Best Age to Freeze Eggs | PRC

Best Age to Freeze Eggs

Best Age to Freeze Eggs

Egg freezing, also medically referred to as oocyte cryopreservation, is a procedure chosen by many women around the world for various reasons. These may include:

  • Postponing a pregnancy to focus on work in order to achieve one’s goals.
  • Taking the pressure off oneself of finding a partner before a certain age.
  • Preserving the integrity of the eggs and preventing damage to them by medical procedures such as radiation therapy and medications such as chemotherapy in those women undergoing such treatments for cancer.


How Does the Process Work?


The following are the steps taken by women who choose to have their eggs frozen:

  • An appointment is scheduled with a specialist known as a reproductive endocrinologist.
  • Blood tests and ultrasound examinations will be performed in order to assess the quality and determine the quantity of the existing eggs.
  • A daily injectable dose of a hormone known as follicle stimulating hormone (FSH) will be taken for around 10 days in order to produce multiple eggs for the purposes of retrieval and freezing. The eggs will be monitored via ultrasound examination by a physician in order to determine the appropriate time of extracting these cells.
  • At the time of retrieval, the patient will be sedated and the eggs will be extracted with a needle and syringe which is inserted about half an inch into the vaginal wall and ovaries. This process will take around 10 minutes to complete.

The ideal age to freeze eggs, for women who are keen to do so, is between 28 and 34 years of age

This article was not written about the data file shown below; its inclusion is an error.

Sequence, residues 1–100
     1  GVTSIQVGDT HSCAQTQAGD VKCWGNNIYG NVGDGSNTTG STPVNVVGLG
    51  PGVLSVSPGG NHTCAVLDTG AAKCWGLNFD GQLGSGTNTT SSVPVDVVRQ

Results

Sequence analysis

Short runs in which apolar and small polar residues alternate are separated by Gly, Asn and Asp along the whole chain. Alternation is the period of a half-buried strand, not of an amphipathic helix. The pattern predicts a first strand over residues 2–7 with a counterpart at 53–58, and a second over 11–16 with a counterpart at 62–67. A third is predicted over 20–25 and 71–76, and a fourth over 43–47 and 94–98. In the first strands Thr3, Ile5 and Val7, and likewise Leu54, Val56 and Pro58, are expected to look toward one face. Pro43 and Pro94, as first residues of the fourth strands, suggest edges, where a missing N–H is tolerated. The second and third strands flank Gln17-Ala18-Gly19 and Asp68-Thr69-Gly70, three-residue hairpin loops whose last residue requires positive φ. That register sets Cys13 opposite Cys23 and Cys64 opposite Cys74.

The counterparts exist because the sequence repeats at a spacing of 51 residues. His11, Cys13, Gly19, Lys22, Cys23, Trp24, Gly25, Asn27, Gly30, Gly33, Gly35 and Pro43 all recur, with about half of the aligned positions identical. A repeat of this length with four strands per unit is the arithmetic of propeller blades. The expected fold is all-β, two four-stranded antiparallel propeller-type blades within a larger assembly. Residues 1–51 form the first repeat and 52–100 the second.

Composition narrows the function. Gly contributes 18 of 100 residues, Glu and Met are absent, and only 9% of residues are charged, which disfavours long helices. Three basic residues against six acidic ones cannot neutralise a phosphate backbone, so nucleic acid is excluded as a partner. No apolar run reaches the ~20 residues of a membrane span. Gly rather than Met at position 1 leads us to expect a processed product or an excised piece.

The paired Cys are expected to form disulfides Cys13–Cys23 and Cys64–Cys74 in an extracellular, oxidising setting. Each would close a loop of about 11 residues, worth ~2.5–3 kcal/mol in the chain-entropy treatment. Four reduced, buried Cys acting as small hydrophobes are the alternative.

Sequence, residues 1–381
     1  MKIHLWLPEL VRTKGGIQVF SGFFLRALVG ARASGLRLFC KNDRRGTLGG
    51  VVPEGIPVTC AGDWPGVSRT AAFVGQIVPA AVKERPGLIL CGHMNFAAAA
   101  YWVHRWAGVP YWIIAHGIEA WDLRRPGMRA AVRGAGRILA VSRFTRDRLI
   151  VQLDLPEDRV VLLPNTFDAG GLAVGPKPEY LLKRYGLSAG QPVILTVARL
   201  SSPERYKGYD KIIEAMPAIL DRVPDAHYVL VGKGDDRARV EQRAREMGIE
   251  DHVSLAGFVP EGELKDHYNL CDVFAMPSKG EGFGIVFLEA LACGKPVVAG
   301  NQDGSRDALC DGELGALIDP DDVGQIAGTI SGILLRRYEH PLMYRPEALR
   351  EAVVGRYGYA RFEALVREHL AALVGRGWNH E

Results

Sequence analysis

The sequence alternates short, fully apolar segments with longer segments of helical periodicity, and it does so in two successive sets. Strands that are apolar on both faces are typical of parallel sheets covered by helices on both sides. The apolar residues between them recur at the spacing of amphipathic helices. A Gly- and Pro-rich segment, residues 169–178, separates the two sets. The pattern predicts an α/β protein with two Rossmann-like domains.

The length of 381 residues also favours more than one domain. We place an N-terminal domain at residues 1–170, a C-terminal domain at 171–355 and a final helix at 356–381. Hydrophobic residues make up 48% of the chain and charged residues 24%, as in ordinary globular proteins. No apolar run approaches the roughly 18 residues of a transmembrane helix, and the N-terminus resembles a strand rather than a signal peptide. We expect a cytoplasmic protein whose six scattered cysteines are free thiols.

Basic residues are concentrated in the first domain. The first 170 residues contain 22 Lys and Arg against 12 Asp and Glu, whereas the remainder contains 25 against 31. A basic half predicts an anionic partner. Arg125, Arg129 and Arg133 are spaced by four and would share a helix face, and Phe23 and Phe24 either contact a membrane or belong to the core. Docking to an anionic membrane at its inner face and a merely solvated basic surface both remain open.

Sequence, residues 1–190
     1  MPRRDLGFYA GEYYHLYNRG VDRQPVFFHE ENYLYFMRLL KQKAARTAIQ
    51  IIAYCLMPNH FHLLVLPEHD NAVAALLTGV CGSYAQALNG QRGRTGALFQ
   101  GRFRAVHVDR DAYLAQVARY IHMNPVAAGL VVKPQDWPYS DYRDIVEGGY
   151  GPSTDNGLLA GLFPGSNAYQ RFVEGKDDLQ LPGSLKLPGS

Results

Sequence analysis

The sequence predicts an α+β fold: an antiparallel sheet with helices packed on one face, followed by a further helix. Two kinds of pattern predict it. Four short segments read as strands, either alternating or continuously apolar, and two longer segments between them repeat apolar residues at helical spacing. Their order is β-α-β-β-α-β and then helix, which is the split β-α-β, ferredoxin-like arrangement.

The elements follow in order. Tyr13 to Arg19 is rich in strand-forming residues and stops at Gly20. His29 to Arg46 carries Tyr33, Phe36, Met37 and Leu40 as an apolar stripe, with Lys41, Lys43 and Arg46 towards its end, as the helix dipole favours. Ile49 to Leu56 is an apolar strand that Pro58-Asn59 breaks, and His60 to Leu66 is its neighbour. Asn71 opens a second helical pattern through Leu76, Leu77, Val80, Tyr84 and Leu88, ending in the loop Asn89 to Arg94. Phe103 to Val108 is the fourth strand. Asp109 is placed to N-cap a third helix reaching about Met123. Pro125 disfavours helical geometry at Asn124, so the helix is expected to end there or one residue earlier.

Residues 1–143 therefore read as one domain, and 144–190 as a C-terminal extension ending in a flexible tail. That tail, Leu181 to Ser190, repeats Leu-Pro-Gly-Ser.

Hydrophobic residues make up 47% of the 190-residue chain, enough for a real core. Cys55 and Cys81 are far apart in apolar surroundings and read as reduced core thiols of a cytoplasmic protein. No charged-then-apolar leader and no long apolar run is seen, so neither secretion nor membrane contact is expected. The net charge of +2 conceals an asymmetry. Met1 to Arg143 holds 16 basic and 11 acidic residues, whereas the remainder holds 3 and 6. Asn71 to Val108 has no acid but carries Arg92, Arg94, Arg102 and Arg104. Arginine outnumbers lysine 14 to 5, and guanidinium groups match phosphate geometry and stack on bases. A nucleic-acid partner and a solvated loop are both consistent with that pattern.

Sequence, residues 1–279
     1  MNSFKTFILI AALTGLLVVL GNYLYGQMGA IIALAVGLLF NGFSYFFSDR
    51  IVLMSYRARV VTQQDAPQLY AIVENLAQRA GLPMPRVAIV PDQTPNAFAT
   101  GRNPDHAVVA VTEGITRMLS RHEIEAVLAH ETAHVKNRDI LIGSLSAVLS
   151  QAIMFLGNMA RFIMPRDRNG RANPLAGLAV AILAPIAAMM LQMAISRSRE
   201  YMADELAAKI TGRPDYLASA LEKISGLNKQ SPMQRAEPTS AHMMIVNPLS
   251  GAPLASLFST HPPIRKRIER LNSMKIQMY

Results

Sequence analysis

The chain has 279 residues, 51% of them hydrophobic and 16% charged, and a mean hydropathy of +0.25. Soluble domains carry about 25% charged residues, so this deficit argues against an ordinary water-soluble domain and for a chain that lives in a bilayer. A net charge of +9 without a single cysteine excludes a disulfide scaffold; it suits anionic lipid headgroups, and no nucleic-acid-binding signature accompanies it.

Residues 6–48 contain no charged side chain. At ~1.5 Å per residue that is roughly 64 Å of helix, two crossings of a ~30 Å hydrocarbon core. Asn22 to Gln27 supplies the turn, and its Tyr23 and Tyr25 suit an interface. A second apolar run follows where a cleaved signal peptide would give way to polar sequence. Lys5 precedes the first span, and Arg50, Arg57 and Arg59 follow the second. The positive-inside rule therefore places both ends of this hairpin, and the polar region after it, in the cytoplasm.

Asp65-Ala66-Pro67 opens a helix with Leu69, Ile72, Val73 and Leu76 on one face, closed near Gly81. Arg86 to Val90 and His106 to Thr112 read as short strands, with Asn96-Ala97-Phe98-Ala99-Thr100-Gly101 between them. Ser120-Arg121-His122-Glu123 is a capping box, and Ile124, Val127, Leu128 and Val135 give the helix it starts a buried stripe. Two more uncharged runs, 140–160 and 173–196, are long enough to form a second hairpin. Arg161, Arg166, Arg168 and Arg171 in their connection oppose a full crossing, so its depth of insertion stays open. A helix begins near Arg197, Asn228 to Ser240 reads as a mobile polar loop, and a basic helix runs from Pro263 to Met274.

Ideal Age to Freeze Eggs


The ideal age to freeze eggs, for women who are keen to do so, is between  28 and 34 years.


The decision to have this procedure performed is a highly personal one, though, and a variety of factors need to be taken into account. These include:

  • How many children the woman wants.
  • When the individual would like to begin her first pregnancy.


Success Rates of Egg Freezing


The success rates of egg freezing will depend on the woman’s age at the time the eggs were frozen, amongst other factors.

  • Five to 15 percent of frozen eggs that are thawed out is not viable.
  • When an embryo is created from a thawed out egg, when a sperm cell joins the mentioned egg, the chances of achieving a successful pregnancy is even slightly better than when using fresh eggs.
  • Even embryos can be frozen if a woman and her stable partner aren’t yet ready to have children.
  • 95 percent of these frozen embryos survive the freezing and thawing out process.
  • Frozen embryos can also be tested for gender and any genetic abnormalities, such as Down syndrome, before being implanted in the woman’s uterus.




Freezing one’s eggs is a personal choice at the end of the day. The procedure also carries a high financial cost to it, so not everyone can afford the process unless one’s company contributes to the costs.


The ideal age of having one’s eggs frozen is between 28 and 34 years because before 28 there is still a very good chance of conceiving normally, and after 34 the quality of the eggs starts to decrease and the chances of chromosomal and genetic abnormalities increases.

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